There are two new research journal entries up, entitled, “‘Democracy’” and “The aggregate.”
- Originally published, March 5, 11:02 pm.
- March 6, 2:20 pm:
- Updated for a second new research journal entry (above).
- A federal judge declined California’s request for a preliminary injunction stopping the Trump administration from enforcing a law requiring information sharing but was also critical of the federal government’s case. (Unauthorized migration)
- I am not caught up.
- March 6, 3:50 pm:
- I am really not fond of the personality parade and have generally avoided covering it in this space. But I’m beginning to see that one way that Donald Trump might fall is if enough people in his administration leave that his presidency becomes untenable. In that light, “President Donald Trump’s top economic adviser Gary Cohn plans to resign, putting a fresh top on a growing list of high-profile White House departures.”
- I think I am caught up.
- March 6, 4:49 pm:
- Following criticism from Uber, the authors of a Massachussetts Institutue of Technology study on ridesharing driver income have revised their estimate upwards significantly. It’s still below minimum wage in many states.
- March 6, 5:13 pm:
- A judge ruled against Seattle in a case involving the seizure of a homeless person’s vehicle, saying the city could not deprive that person of their home to collect fines and fees. (Homelessness)
- March 6, 7:54 pm:
- Jeff Sessions announced that he is filing suit against California over state laws intended to resist federal enforcement against unauthorized migrants. (Unauthorized migration)
- March 7, 10:37 am:
- As I said, I’m really not fond of the personality parade. I tend to focus on what they do rather than who they are. At FiveThirtyEight, Perry Bacon, Jr., doesn’t go so far as I do, that is, to see Gary Cohn’s resignation as a possible portent of Donald Trump’s resignation. But he does see it as important, because for him, it shows a break from Republican orthodoxy, which for all the fire and fury, he sees Trump as having largely hewed to. This points to another way that Trump might meet his demise: Republicans might decide not only that Trump is an embarassment and a distraction, but an actual obstruction to their agenda. August is getting closer.
- I haven’t even begun to catch up.
- March 7, 1:15 pm:
- My real reason for thinking Donald Trump will step down or be forced from office is a lesson I have learned based on a number of life experiences but which crystalized with the dot-com crash: If it doesn’t make sense, it doesn’t make sense, and it cannot last. Relying on Trump, as Republicans presently do, simply doesn’t make sense. Politico’s Playbook underscores just how bizarre the situation has become, and the thing is, we know that everyone in the political class in Washington, D.C., whether they admit it or not, is painfully aware of how bizarre it has become. If you’re a politician with an agenda, this just isn’t something you can work with (the Wall Street Journal’s Greg Ip, with whom I agree on almost nothing, skillfully illustrates some of the incoherence here). And even as they problematically differ on even important details, the Republicans most definitely have an agenda, an agenda which is at considerable risk with the midterm elections in November. If there’s a panic button to push, I think they’re pushing it by August, while there’s still hope to salvage those elections.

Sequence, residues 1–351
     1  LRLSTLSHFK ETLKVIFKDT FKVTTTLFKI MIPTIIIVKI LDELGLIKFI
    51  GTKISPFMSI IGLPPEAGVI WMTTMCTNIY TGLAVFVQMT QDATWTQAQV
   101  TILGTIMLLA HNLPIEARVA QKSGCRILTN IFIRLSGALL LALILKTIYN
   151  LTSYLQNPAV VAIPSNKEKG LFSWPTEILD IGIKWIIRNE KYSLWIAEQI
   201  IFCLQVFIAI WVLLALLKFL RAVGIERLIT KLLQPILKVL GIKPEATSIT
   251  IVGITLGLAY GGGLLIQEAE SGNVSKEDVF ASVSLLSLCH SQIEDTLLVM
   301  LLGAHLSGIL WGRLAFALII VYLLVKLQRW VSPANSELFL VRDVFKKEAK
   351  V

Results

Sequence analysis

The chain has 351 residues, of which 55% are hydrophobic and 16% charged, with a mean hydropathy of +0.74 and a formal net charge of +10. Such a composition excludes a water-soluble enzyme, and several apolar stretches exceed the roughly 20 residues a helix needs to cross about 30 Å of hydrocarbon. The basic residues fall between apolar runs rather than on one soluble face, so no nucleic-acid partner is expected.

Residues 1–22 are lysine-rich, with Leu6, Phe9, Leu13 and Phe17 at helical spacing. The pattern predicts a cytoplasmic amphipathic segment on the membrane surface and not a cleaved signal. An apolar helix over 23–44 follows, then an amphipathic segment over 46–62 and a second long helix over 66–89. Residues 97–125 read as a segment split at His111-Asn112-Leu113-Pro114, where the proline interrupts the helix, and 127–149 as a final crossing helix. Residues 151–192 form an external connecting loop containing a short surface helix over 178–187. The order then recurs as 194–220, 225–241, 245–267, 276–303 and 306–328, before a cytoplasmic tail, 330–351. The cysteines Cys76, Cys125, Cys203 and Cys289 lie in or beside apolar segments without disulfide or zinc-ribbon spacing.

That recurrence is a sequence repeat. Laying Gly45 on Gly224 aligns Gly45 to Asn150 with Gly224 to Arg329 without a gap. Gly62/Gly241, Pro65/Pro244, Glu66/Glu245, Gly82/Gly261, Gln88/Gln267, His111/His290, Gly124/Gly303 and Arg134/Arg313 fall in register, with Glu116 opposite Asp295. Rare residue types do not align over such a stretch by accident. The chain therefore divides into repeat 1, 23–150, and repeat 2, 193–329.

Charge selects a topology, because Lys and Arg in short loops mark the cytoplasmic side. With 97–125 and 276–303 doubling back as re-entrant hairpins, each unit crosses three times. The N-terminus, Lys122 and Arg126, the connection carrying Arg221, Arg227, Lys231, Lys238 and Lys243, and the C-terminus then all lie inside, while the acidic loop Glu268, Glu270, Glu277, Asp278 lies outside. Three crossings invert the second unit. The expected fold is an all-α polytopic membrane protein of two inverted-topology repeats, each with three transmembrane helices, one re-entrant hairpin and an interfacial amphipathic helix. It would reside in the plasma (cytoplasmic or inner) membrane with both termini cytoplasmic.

- I think I’m caught up.
- March 7, 2018, 6:34 pm:
- The Weekly Standard supplies an example of the dissonance Republicans are being forced to confront and even puts it in its headline. The main headline is, “Trump’s Chief Economist Claims the President Is a ‘Serious’ Free Trader.” The subheading, on the line immediately below, says, “But can’t come up with any examples to support his claim.” The Weekly Standard is neoconservative, so neoliberalism is, for them, a moral imperative, and it has, since the beginning, been neoconservatives who have been the original Never-Trumpers. But neoconservative and neoliberal doctrine have been embraced by both major parties. This is a problem for a lot of Republicans. (Donald Trump)
- California Governor Jerry Brown reacted to Jeff Sessions’ announcement of a lawsuit against the state over Unauthorized migration. Sacramento Mayor Darrell Steinberg has what seems to me the wiser response: “We’ll see what the courts say.”
- March 8, 12:20 pm:
- Jennifer Rubin points to “three critical stories, . . . any one of which could pose a threat to President Trump’s tenure,” not counting Robert Mueller’s investigation. It’s a small step short of actually publicly foreasting Donald Trump’s demise. I’d point again to yesterday’s Politico Playbook on just how crdazy things have gotten. If we view the political system through the lens of systems theory, there ought to be a stabilizing feedback here to restore the normal order. If that fails, we will suddenly be in a new and largely unforeseen political world.